Mother Charged After 5-Year-Old Burned During Lice Treatment

Medical journals dating back as far as 1917 have touted the use of gasoline or kerosene as an effective method for getting rid of lice. However, this home remedy is now known to be exceedingly dangerous, as gasoline fumes can be ignited by even the smallest spark.

Despite safe and effective over-the-counter lice treatments, some people continue to rely on the traditional "wisdom" that gasoline kills lice. Unfortunately, this method can lead to tragic results. Last week, an Oklahoma woman was charged with child abuse in Pittsburg County District Court after a January 29 incident that critically burned her daughter. Shana M. Suggs, 25, Haileyville, is accused of saturating her 5-year-old daughter's head with gasoline in order to destroy lice.

According to an affidavit, a space heater ignited the fumes, burning both Suggs and her daughter. Suggs's boyfriend, Dylan Webster, heard the screams and ran to the bathroom, throwing his jacket over the girl to extinguish the flames.

The girl suffered second and third degree burns to more than 60 percent of her body. The girl's siblings were placed in the custody of relatives, where the girl has also been released after treatment at burn centers in Tulsa and Shriners Hospital for Children.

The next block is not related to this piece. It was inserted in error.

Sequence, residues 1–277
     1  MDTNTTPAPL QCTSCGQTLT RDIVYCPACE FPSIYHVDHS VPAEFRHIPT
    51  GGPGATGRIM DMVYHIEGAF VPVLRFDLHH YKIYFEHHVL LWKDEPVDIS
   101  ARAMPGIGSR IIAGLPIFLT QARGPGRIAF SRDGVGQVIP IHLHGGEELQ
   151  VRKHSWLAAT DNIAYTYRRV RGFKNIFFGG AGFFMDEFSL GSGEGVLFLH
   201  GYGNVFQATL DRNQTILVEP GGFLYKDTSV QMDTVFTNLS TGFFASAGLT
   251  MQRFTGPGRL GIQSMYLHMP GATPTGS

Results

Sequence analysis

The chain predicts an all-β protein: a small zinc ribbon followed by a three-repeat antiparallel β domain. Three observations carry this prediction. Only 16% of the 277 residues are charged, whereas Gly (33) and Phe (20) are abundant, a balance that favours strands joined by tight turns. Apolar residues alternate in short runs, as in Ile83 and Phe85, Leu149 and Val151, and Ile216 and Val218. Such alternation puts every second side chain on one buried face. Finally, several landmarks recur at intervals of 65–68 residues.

Dousing a child's hair with gasoline seems to be an obviously dangerous act, but if the intent was to kill lice rather than harm or punish a child, is it criminal?

According to 10A O.S. § 1-1-105 of the Oklahoma Children's Code, "abuse" is defined as "harm or threatened harm or failure to protect from harm or threatened harm to the health, safety, or welfare of a child by a person responsible for the child’s health, safety, or welfare, including but not limited to nonaccidental physical or mental injury, sexual abuse, or sexual exploitation."

In Suggs's case, abuse charges may have been filed not as a result of willful and malicious harm, but as a result of her failure to protect her child by putting her in danger in using gasoline on her hair. On the other hand, 21 O.S. § 843.5 of the Oklahoma Criminal Code, which outlines the penalties for child abuse, reads as follows: "Any parent or other person who shall willfully or maliciously engage in child abuse shall, upon conviction, be guilty of a felony punishable by imprisonment in the custody of the Department of Corrections not exceeding life imprisonment, or by imprisonment in a county jail not exceeding one (1) year, or by a fine of not less than Five Hundred Dollars ($500.00) nor more than Five Thousand Dollars ($5,000.00), or both such fine and imprisonment."

Though prosecutors have filed criminal charges, it seems likely that Suggs's defense strategy will include a lack of intent to harm. After all, Suggs herself was treated for burn injuries following the incident. Was Suggs was abusive and criminally negligent or simply uneducated and misinformed? That decision will be left to the court.